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July 2000, Volume 31, Issue 4


A Study of Proof Conceptions in Algebra
Lulu Healy, Celia Hoyles
After surveying high-attaining 14- and 15-year-old students about proof in algebra, we found that students simultaneously held 2 different conceptions of proof: those about arguments they considered would receive the best mark and those about arguments they would adopt for themselves. In the former category, algebraic arguments were popular. In the latter, students preferred arguments that they could evaluate and that they found convincing and explanatory, preferences that excluded algebra. Empirical argument predominated in students' own proof constructions, although most students were aware of its limitations. The most successful students presented proofs in everyday language, not using algebra. Students' responses were influenced mainly by their mathematical competence but also by curricular factors, their views of proof, and their genders.

Mathematicians Writing
Leone Burton, Candia Morgan
In this article we report on part of a study of the epistemological perspectives of practicing research mathematicians. We explore the identities that mathematicians present to the world in their writing and the ways in which they represent the nature of mathematical activity. Analysis of 53 published research papers reveals substantial variations in these aspects of mathematicians' writing. The interpretation of these variations is supported by extracts from interviews with the mathematicians. We discuss the implications for students and for novice researchers beginning to write about their mathematical activity.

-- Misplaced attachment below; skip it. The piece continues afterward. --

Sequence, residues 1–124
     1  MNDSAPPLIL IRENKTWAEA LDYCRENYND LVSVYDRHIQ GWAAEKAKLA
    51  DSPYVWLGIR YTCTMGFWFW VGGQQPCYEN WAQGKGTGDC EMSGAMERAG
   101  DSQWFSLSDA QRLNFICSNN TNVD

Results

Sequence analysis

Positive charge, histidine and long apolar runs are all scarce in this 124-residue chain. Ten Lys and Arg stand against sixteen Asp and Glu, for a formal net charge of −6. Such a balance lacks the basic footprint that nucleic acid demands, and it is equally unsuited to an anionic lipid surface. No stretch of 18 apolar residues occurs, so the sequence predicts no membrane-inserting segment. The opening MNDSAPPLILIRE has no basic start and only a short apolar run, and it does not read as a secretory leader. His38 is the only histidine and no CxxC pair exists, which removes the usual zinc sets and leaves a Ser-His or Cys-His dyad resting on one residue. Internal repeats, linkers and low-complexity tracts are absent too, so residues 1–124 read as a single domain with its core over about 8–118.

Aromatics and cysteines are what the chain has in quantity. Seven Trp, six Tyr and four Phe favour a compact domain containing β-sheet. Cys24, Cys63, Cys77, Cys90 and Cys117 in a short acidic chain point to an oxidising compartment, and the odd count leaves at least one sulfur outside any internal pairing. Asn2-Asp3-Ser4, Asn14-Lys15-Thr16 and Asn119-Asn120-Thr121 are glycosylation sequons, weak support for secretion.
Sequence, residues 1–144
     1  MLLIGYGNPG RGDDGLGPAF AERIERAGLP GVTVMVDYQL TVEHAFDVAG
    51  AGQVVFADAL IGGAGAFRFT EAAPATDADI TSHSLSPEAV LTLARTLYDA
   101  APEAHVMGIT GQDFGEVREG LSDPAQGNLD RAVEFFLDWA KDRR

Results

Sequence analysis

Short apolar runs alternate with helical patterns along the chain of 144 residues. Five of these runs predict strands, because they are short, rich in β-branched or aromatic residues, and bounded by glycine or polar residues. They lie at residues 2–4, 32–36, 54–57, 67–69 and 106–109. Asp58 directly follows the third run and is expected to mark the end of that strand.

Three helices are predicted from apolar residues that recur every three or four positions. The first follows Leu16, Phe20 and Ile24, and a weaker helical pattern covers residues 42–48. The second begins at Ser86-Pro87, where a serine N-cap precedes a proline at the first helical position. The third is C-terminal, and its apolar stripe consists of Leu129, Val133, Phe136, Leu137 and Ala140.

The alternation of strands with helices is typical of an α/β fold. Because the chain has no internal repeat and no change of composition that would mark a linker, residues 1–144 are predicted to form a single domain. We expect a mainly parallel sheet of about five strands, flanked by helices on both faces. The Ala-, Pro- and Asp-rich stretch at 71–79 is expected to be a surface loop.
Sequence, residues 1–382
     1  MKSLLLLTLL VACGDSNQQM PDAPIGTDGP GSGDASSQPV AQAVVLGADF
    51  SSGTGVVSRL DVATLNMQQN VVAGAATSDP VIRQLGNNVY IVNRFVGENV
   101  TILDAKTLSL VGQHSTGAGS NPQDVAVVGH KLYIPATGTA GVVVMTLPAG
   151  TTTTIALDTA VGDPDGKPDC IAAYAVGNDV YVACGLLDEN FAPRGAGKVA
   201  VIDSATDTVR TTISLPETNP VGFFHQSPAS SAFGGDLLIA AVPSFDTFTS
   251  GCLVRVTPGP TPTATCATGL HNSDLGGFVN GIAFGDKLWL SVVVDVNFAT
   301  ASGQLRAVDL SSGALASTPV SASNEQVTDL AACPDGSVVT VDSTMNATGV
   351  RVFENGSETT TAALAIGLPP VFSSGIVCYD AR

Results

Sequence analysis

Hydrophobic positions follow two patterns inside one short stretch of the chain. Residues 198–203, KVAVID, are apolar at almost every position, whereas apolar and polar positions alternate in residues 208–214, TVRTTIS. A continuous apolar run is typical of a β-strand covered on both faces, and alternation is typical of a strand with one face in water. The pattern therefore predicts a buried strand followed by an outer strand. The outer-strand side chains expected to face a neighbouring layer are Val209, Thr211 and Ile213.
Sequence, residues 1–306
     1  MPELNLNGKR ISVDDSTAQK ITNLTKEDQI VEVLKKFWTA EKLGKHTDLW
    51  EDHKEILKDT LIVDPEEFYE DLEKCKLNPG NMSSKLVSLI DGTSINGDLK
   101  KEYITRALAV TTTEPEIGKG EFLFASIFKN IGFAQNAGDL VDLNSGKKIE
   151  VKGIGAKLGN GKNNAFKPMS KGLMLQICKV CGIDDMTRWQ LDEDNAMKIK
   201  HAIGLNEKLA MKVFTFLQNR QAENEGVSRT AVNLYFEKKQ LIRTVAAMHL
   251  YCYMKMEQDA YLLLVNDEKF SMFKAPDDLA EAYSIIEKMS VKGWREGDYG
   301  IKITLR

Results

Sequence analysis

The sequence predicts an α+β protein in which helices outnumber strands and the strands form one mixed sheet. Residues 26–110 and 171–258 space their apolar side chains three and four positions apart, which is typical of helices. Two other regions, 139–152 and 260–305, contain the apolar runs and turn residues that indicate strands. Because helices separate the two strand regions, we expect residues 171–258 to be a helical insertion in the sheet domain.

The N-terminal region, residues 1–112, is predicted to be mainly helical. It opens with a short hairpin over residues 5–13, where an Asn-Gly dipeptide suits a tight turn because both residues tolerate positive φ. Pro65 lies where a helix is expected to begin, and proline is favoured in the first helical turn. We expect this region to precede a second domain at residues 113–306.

Problem Solving as a Means Toward Mathematics for All: An Exploratory Look Through a Class Lens
Sarah Theule Lubienski
As a researcher-teacher, I examined 7th-graders' experiences with a problem-centered curriculum and pedagogy, focusing on SES differences in students' reactions to learning mathematics through problem solving. Although higher SES students tended to display confidence and solve problems with an eye toward the intended mathematical ideas, the lower SES students preferred more external direction and sometimes approached problems in a way that caused them to miss their intended mathematical points. An examination of sociological literature revealed ways in which these patterns in the data could be related to more than individual differences in temperament or achievement among the children. I suggest that class cultural differences could relate to students' approaches to learning mathematics through solving open, contextualized problems.

Read how to use this article as part of a Professional Development Experience.

Computational Estimation Skill of College Students
Sheri A. Hanson, Thomas P. Hogan
We examined computational estimation skill of 77 college students who estimated answers to problems presented in brief intervals. We categorized 23 "think-aloud" estimation strategies used by 45 participants in individual follow-up sessions. Some categories were based on strategies found in previous studies; others were based on responses in this study. Although students correctly estimated answers to most problems on addition and subtraction of whole numbers, they performed poorly on multiplication and division of decimals and subtraction of fractions. Students were more successful in solving computational problems than in estimating answers. Scores on the estimation tests showed substantial correlation with SAT Mathematics scores and with a direct measure of computational skill, but they did not significantly correlate with SAT Verbal scores.

Student Understanding of the Cartesian Connection: An Exploratory Study
Eric J. Knuth
The topic of multiple representations of functions is important in secondary school mathematics curricula, yet many students leave high school lacking an understanding of the connections among these representations. Research results are presented from a study in which students' understandings of the connections between algebraic and graphical representations of functions were examined. Responses from 178 students, enrolled in 1st-year algebra through calculus, revealed an overwhelming reliance on algebraic representations, even on tasks for which a graphical representation seemed more appropriate. The findings indicate that for familiar routine problems many students have mastered the connections between the algebraic and graphical representations; however, such mastery appeared to be superficial at best.